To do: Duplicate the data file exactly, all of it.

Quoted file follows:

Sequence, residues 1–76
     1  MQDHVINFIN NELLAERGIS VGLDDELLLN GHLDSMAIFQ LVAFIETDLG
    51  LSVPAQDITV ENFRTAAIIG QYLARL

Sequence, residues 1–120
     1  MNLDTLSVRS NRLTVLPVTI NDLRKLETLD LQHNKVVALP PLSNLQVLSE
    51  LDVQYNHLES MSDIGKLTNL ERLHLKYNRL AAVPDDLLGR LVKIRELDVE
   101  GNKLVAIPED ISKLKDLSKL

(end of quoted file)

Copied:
Sequence, residues 1–76
     1  MQDHVINFIN NELLAERGIS VGLDDELLLN GHLDSMAIFQ LVAFIETDLG
    51  LSVPAQDITV ENFRTAAIIG QYLARL

Sequence, residues 1–120
     1  MNLDTLSVRS NRLTVLPVTI NDLRKLETLD LQHNKVVALP PLSNLQVLSE
    51  LDVQYNHLES MSDIGKLTNL ERLHLKYNRL AAVPDDLLGR LVKIRELDVE
   101  GNKLVAIPED ISKLKDLSKL